Example 2 is replacing the standard alternator regulator with a battery sensed regulator, this in effect tells the alternator to provide 14.2 volts at the domestic battery bank (or at the end of the battery sensed cable) regardless of what voltage the alternator has to produce to achieve this goal. This will improve the charging rate at the domestic battery, i.e. you can see that the voltage will rise on the battery from 12.8v in example 1 to 14.2v in example 2. However, when the voltage is checked through the system, taking into account the voltage drops across the diodes, the engine battery voltage is now 15.2v this voltage would rise even more if the cables were longer. For example, if you had 4 or 5 metres of cables then the voltage drop in the cables could be up to 1 volt. This would drive up the starter battery by another 1 volt etc etc.
Conclusion: in example 2, the starter battery should be an open lead acid type. In the short term this battery would simply gas a little, and regular maintenance & addition of water would ensure the battery is OK. However, with a sealed gel or agm battery in this example, overcharging the batteries would destroy the batteries (so avoid gel, sealed and agm batteries on advanced charging systems).
Example 3 is pretty much the same as example 2, except a modern advanced regulator will push the batteries up to 14.8 and in some cases the new calcium calcium batteries could go as high as 15.4 volts. This simply adds another 0.6 volts onto example 2 with the same conclusions.
The solution: Protect your investment in your batteries and install a Sterling Power Zero Volt Drop Battery Isolator. If the voltage drop across the splitting diode is eliminated for the domestic and starting battery, then there would be no excessive rise in voltage on the starter battery, and charging voltage on the starting battery would be the same as the voltage provided to the domestic battery bank. This would prevent excessive gassing taking place and prevent excessive water loss in the starter battery. There are many additional advantages associated w/ using a Sterling Power Pro-Split-R Zero Drop Battery Isolator.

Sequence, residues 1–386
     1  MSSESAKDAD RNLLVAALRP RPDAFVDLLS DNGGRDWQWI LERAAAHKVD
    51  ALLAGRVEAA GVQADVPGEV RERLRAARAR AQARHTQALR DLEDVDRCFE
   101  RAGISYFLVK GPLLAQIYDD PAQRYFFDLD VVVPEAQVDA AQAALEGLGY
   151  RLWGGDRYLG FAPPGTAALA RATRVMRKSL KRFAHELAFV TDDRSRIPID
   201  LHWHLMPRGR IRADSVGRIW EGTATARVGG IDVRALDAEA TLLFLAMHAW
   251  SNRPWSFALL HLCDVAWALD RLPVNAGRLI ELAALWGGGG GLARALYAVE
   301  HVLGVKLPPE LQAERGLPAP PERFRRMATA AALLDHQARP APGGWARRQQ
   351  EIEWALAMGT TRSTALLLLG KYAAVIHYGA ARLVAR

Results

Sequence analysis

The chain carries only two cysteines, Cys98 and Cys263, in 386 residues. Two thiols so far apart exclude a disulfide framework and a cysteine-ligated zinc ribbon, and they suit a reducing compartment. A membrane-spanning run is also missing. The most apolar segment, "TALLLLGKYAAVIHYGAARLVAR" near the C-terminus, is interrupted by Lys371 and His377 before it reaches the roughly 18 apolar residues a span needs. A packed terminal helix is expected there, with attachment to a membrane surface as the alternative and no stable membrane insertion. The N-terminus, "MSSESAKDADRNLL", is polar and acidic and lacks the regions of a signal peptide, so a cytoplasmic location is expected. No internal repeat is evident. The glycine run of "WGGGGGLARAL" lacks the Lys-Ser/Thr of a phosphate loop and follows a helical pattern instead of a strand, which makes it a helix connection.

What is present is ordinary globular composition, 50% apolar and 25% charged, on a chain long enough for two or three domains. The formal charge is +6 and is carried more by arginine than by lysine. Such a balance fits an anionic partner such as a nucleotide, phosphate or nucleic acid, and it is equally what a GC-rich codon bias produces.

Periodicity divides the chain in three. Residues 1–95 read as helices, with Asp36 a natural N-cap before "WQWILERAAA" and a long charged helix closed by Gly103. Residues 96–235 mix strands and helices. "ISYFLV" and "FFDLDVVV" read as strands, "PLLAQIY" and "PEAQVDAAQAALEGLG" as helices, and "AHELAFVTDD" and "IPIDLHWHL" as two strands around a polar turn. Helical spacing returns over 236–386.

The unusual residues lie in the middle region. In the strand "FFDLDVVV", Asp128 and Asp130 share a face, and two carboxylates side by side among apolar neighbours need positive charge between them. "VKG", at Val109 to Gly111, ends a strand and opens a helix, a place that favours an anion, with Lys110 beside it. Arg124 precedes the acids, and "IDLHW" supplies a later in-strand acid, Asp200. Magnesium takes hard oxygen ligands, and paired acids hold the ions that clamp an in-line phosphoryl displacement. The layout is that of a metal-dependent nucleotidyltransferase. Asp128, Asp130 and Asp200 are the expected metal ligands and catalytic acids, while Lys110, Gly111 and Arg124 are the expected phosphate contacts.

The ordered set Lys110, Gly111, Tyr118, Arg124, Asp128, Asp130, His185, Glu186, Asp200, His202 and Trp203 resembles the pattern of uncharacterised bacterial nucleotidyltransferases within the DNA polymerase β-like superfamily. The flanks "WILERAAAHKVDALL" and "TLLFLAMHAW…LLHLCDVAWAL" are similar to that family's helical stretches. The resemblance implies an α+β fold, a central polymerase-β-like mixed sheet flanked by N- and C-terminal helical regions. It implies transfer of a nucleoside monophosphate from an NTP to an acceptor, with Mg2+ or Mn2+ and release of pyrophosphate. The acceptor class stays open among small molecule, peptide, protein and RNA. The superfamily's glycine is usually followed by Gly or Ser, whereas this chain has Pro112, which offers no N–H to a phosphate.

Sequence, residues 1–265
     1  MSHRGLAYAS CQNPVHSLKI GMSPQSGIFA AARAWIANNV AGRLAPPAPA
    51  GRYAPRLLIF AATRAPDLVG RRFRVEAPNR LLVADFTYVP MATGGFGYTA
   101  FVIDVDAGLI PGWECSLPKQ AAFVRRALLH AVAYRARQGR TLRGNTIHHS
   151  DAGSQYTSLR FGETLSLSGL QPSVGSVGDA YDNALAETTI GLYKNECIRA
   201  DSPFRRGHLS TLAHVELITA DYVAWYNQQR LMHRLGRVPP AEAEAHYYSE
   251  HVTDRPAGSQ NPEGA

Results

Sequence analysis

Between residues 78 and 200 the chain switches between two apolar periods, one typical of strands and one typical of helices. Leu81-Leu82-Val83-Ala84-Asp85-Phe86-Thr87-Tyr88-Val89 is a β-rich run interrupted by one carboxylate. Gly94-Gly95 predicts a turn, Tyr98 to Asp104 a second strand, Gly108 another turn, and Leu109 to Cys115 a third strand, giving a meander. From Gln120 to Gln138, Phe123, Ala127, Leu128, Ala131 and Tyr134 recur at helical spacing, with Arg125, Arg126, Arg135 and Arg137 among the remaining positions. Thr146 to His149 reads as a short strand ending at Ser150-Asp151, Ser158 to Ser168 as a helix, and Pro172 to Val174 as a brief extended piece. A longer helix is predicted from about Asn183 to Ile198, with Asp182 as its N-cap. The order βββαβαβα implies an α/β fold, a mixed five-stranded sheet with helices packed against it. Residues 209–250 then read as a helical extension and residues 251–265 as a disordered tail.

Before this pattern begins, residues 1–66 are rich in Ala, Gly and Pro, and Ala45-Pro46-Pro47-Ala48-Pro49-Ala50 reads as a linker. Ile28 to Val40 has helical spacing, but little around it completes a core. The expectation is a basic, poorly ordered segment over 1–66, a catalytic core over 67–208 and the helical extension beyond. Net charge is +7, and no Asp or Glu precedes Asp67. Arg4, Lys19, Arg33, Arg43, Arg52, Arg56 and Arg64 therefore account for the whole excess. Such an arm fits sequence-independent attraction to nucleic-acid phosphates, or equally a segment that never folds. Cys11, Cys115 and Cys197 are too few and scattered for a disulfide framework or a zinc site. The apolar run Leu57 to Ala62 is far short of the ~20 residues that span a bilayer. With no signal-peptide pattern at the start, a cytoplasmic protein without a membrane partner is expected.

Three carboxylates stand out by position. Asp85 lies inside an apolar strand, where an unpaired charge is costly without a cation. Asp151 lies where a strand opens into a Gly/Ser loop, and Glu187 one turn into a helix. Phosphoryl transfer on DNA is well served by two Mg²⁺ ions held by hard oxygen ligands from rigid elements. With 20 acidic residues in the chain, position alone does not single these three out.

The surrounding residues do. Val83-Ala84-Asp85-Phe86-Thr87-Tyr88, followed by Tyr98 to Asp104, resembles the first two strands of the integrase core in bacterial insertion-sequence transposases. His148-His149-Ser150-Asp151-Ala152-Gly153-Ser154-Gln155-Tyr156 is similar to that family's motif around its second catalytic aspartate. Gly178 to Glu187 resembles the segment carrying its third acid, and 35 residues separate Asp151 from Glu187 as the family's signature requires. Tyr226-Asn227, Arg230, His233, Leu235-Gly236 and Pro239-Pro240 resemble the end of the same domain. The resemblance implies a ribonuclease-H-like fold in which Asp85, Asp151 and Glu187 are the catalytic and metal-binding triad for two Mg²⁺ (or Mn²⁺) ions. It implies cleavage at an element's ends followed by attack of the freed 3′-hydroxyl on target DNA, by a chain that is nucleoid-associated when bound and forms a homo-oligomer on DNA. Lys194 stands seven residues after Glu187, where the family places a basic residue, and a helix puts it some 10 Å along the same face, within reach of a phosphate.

Other advantages to the Zero Volt Drop Intelligent Alternator Distribution System
- Distributes the most power to the battery bank which demands it.
- Isolates a battery bank when full and restricts any attempt to back feed the power from the full battery bank to a lower battery bank.
- Isolates all full battery banks except the main load battery in the event of a massive load on any battery bank.
- Isolates the main alternator from all the batteries (the engine start battery is also isolated but a emergency internal circuit in the unit maintains a 1 amp emergency link with the alternator to try to save as much of the alternator internal workings as possible) in the event of a failure in the alternator's own regulator. This prevents the batteries from boiling.
- Isolates any battery bank which tries to back feed a high voltage from a different source. i.e. if there was a defective battery charger on one battery bank trying to back feed into another battery bank then the unit would disconnect that battery bank to save the others.
- L.E.D. display shows which channels are in use and which are not.
- Overload design, for example our unit, which is rated for a 150 amps, is actually continually rated for 240 amps with a overload of in excess of 1000 amps.
- Fail-safe: in the event of unit failure the engine start battery and alternator remain connected, ensuring the safe running of the boat/vehicle. Prioritizes the engine start battery charging over all of the battery bank outputs.
|Max Alt Amps||Battery Banks||Size L x W x D mm||Weight Kg||Part Number|
|24||60||2||150 x 80 x 120||1.8||PSR62|